I doubt that Colorado will seek to attack Congress or the CSA is defense of its marijuana reform efforts. But perhaps others who in the past have legally attacked the rationality of marijuana's placement on Schedule I will see the special opportunity provided by this notable new lawsuit as an opportunity to take their arguments directly to the Supreme Court.
Recent related post:
Cross-posted at Marijuana Law, Policy and Reform
Thursday, December 18, 2014
Nebraska and Oklahoma sue Colorado in US Supreme Court over marijuana legalization
As reported in this local article, "Nebraska Attorney General Jon Bruning filed a lawsuit Thursday with the U.S. Supreme Court, seeking a declaration that Colorado’s legalization of marijuana violates the U.S. Constitution." Here is more on the latest fascinating development in the world of marijuana reform law and policy:
At a press conference Thursday, Bruning said he was being joined in the case by Oklahoma Attorney General Scott Pruitt. "Federal law undisputedly prohibits the production and sale of marijuana," Bruning said. "Colorado has undermined the United States Constitution, and I hope the U.S. Supreme Court will uphold our constitutional principles."
Bruning said he placed a courtesy call to Colorado Attorney General John Suthers before filing the lawsuit. Suthers said in a news release he was not “entirely surprised” to learn of the lawsuit. “We believe this suit is without merit, and we will vigorously defend against it in the U.S. Supreme Court,” he said.
Some Nebraska law enforcement officers undoubtedly will welcome Thursday’s action. Anticipating that the attorney general planned to announce a lawsuit, Scotts Bluff County Sheriff Mark Overman said Thursday he supports the move. "This stuff is illegal here, it’s coming here and it’s had an adverse effect on our citizens and way of life," Overman said. "Nebraska, from highest elected officials on down, should do something about it."...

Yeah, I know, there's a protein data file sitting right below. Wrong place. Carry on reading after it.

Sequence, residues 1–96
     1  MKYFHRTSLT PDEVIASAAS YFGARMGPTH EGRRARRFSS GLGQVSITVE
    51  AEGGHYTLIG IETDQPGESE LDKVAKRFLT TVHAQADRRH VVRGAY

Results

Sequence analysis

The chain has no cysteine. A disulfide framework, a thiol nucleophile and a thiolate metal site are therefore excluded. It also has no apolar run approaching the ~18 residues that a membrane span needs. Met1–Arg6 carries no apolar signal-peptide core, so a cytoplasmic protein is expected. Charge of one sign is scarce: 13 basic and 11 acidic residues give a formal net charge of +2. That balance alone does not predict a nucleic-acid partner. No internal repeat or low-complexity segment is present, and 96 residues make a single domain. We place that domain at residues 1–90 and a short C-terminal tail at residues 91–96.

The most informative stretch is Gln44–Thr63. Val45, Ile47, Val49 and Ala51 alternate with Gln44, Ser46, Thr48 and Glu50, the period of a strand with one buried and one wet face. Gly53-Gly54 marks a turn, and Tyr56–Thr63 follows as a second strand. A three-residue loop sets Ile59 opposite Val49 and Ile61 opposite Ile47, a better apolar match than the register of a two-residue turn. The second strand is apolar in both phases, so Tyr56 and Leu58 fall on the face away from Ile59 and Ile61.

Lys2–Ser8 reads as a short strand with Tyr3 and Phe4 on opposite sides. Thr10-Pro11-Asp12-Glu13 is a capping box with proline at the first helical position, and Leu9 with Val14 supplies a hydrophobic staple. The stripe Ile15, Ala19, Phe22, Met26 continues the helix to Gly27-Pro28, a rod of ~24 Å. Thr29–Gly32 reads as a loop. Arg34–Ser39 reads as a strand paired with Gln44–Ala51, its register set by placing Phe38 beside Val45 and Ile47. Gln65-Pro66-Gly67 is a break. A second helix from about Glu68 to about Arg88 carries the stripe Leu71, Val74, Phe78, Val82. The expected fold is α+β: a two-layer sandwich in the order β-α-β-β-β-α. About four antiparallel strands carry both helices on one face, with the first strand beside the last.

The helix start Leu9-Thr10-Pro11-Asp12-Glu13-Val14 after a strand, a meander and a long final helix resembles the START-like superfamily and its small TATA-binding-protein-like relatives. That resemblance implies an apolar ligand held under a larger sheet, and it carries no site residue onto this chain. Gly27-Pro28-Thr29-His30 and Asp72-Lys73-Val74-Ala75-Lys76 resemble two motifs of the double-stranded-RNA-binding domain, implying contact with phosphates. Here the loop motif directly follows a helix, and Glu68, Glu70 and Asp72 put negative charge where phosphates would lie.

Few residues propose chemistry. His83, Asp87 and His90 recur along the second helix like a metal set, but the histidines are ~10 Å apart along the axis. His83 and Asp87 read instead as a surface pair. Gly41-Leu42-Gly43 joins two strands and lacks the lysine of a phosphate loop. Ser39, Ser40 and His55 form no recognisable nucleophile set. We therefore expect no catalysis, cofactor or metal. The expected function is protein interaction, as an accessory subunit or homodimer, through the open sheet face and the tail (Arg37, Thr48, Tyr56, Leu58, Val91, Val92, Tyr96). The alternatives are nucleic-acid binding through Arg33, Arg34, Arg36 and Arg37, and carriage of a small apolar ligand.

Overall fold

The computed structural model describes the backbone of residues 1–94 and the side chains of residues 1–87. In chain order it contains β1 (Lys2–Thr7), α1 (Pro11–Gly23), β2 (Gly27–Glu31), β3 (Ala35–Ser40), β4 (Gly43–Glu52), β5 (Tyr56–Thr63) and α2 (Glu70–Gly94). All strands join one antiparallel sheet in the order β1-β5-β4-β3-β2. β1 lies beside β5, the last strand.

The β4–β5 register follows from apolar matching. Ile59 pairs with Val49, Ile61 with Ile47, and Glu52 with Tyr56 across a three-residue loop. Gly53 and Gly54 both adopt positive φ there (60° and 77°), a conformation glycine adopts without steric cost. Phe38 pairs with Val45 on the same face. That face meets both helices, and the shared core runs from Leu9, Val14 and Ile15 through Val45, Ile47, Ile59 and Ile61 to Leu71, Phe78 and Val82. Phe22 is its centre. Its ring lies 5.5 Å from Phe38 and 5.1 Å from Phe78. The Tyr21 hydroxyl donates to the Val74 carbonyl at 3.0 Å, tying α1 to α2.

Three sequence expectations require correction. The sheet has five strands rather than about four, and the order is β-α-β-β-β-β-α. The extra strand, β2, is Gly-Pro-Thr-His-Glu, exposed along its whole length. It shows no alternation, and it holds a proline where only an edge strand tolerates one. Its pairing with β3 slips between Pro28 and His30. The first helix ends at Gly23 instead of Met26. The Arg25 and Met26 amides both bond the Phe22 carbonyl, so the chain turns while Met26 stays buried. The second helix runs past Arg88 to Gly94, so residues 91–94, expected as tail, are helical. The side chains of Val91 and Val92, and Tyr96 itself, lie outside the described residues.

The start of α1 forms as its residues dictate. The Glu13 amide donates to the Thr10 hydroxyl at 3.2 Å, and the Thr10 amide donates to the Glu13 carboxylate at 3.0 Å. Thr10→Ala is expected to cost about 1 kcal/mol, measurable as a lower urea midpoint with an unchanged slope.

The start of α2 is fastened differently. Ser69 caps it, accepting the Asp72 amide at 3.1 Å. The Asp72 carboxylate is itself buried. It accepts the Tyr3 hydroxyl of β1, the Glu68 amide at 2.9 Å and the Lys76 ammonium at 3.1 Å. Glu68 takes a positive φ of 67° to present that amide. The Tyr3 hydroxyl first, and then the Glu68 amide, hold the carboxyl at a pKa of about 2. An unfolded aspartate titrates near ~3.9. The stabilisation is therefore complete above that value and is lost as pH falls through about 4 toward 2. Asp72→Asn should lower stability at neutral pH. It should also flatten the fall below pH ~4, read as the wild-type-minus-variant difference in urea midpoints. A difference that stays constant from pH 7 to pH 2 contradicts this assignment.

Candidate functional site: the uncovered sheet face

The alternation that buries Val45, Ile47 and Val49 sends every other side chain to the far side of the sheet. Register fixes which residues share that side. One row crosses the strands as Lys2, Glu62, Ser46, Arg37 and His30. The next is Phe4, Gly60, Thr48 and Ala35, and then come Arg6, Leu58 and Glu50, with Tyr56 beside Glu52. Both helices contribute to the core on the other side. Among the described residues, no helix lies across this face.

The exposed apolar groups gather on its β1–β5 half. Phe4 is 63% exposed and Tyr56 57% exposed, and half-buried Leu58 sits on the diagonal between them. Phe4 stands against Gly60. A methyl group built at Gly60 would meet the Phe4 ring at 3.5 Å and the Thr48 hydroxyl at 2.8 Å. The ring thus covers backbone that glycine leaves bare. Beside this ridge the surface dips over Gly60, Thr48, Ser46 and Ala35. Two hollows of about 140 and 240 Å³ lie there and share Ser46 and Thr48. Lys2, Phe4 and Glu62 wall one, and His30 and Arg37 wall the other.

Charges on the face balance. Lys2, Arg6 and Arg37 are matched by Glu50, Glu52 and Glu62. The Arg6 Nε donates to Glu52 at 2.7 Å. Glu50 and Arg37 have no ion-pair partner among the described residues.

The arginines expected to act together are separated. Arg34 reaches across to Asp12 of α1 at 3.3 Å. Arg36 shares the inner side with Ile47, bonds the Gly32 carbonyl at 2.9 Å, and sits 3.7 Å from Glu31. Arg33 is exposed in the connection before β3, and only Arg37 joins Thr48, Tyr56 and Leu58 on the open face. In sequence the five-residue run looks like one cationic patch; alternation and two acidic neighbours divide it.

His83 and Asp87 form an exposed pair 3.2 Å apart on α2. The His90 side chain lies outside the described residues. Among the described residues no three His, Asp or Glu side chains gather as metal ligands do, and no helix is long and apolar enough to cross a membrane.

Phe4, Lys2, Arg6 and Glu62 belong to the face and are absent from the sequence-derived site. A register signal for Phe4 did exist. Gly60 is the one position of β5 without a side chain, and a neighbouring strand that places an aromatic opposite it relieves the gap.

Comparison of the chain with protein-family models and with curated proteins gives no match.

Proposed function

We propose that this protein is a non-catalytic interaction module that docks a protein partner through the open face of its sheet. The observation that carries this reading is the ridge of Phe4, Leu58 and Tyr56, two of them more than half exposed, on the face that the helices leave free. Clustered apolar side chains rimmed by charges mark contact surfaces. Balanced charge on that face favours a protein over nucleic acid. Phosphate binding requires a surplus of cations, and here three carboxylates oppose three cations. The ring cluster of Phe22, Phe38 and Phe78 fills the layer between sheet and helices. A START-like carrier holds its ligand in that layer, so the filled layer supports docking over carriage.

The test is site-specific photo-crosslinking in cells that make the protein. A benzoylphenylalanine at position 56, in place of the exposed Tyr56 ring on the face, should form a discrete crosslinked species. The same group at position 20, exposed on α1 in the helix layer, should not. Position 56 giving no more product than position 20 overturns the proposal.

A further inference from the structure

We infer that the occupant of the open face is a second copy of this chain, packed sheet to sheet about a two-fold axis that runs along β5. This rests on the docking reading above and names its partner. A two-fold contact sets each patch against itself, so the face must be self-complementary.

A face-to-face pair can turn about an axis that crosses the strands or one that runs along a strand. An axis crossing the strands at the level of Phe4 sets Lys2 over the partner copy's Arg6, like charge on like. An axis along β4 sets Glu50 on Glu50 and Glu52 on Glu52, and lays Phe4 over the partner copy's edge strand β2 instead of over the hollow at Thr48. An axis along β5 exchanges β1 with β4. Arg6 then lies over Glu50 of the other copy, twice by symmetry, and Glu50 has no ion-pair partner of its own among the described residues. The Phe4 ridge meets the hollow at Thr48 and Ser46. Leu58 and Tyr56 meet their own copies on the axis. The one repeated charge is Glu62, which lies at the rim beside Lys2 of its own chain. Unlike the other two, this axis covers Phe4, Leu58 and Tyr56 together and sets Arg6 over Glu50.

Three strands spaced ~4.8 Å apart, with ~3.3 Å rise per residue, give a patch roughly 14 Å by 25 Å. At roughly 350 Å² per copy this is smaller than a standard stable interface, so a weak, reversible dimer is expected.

He blamed U.S. Attorney General Eric Holder for not enforcing federal drug laws in Colorado. "I am adamantly against the spread of marijuana across our country," Bruning said. He said he talked recently with a father who said marijuana was a "gateway drug" for his teen.
Colorado’s legalization of pot use has had a significant impact on Nebraska law enforcement agencies. Many departments, particularly in western Nebraska counties along Interstate 80, have seen spikes in their marijuana-related arrests tied to legally purchased pot that transforms into contraband once it crosses the border. At the western tip of the Oklahoma Panhandle, authorities regularly apprehend travelers coming from southeast Colorado with marijuana.
During a September hearing on the issue in Ogallala, Nebraska, a panel of lawmakers heard law enforcement authorities express concern about the flow of high-potency pot into Nebraska and increasing numbers of impaired drivers and possession by teens as young as 14. "Nebraska taxpayers have to bear the cost," Bruning said Thursday. "We can’t afford to divert resources to deal with Colorado’s problem."
Via the Denver Post, the 83-page SCOTUS filing can be found at this link.
Wowsa (and cross-posted at Marijuana Law, Policy and Reform)!
Wednesday, December 17, 2014
Should ALL federal marijuana sentencings be postponed now that Cromnibus precludes DOJ from interfering with state medical marijuana laws?
As reported in this post yesterday, an astute lawyer in California sought (and, I now know, obtained) a significant postponement of his client's scheduled federal marijuana sentencing based on a provision in H.R. 83, the 1700-page Cromnibus spending bill, which directs the US Department of Justice not to use any funds to interfere with state-legalized medical marijuana regimes. Specifically, Section 538 of the Cromnibus states, in relevant part: